His attention was drawn to the fact that cinchona, or Peruvian bark -a well known remedy in cases of intermittent fever- when taken by persons in sound health, produced a disorder very similar to that disease ; but, as the district where this occurred was malarious, he was not certain that these effects might not have been produced by natural causes. In order to be assured on this point, he tools a quantity of the drug, and was inexpressibly gratified to find himself severely attacked by the disorder. He was now in possession of a tangible fact ; a remedy that would cure a certain disease, would also produce it in a healthy person, and it was certain that the converse was equally true, i. e. that a drug, which produced a certain disease in a healthy body, would cure it in a sick one. But this was only one instance and might be an exception. He therefore set himself to the task of testing a great number of drugs, and with heroic self-sacrifice took them himself, carefully noting the minutest effects produced, and comparing them with the symptoms of well-known diseases. By this means a species of code was established. He likewise induced some of his friends to join him in these tests or provings, and by mutually comparing notes certain positive facts were established. This was the origin of the famous axiom that similia similibus curantur, which, with his theory of infinitesimal doses, was destined to subvert the existing order of things, and so embittered the medical world, as to draw upon its author ridicule, abuse, and even persecution. In this he merely suffered the fate of most discoverers and inventors. Galileo was forced by the inquisition to recant the heresy of his theory, that the earth revolved around the sun ; but on leaving its halls, he muttered, "nevertheless it moves ;" Columbus was ridiculed for believing in the existence of a new world, and the man who first proposed to cross the Atlantic by means of steam was laughed at. There is scarcely less folly in denying the motion of the earth, the existence of a new world, or the passage of the Atlantic by steam, than in refusing to give credence to the manifest truths of the Hahnemannian theory.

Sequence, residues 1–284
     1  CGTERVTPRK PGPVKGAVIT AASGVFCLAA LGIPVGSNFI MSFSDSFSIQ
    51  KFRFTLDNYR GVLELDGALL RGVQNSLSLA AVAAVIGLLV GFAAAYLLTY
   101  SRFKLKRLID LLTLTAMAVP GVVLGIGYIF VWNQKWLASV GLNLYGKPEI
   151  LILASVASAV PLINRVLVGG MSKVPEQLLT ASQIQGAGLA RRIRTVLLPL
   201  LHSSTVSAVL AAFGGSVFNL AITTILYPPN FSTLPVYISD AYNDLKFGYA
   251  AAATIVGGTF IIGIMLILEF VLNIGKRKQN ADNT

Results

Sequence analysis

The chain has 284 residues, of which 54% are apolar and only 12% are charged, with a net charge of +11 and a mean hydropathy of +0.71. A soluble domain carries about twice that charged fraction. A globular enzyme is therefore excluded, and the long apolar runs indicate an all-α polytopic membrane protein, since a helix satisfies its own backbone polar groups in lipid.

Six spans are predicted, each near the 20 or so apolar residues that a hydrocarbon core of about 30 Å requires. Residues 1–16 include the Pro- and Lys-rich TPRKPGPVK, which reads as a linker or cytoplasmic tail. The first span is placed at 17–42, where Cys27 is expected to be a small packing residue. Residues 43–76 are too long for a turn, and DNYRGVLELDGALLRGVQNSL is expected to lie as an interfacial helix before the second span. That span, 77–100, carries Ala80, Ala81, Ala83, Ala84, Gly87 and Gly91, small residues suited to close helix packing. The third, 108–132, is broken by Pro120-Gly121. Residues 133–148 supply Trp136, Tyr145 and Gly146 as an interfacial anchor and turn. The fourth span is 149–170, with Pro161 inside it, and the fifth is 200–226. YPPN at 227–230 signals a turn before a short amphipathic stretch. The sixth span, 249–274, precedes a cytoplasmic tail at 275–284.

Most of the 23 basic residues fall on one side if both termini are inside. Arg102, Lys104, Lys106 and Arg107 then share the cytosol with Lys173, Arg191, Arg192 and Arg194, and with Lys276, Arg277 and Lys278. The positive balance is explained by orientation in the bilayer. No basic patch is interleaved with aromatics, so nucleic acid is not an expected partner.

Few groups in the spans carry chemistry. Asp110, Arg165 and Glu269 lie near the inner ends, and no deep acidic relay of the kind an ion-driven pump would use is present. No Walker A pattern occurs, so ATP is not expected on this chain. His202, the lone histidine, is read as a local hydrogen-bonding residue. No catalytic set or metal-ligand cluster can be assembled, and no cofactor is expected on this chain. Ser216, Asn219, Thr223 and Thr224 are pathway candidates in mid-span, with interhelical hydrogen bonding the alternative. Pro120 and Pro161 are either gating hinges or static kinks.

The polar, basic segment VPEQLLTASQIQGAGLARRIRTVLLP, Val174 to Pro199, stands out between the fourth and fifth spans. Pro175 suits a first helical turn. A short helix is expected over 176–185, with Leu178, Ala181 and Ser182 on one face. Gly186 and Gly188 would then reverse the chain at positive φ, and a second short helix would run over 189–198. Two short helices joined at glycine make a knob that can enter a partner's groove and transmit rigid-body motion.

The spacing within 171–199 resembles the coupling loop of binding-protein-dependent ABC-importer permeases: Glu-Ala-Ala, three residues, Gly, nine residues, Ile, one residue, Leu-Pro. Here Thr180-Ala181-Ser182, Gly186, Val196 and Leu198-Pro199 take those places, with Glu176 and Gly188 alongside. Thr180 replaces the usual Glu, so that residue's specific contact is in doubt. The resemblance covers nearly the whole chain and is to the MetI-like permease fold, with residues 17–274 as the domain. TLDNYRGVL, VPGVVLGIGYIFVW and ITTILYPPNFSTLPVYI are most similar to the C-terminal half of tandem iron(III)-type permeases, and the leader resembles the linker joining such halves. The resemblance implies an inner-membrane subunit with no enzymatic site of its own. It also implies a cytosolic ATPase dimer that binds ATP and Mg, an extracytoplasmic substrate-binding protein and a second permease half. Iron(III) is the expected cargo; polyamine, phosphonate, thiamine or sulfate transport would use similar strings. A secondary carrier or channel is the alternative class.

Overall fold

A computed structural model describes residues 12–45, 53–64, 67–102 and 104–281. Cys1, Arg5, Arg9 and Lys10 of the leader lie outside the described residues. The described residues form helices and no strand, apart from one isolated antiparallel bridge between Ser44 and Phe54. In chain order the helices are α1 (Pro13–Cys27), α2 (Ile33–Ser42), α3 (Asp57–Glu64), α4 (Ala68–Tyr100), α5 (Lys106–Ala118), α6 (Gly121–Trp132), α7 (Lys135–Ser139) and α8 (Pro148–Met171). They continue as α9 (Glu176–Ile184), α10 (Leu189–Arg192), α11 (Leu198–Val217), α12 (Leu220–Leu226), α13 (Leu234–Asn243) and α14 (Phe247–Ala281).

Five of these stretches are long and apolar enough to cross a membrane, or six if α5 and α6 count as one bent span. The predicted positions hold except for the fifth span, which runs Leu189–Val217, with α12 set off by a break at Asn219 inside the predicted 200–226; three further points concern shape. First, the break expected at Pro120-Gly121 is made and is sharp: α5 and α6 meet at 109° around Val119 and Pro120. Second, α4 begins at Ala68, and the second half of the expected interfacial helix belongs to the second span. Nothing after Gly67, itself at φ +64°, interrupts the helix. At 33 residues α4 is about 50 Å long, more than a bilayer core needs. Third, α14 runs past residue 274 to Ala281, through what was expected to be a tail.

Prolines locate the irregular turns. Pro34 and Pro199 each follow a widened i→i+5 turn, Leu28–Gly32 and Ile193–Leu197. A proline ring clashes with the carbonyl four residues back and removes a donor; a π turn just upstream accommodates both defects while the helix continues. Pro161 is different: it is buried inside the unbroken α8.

To this new system of cure Hahnemann gave the name of Homœopathia, derived from two Greek words, homoios, similar, and pathos, feeling, or suffering.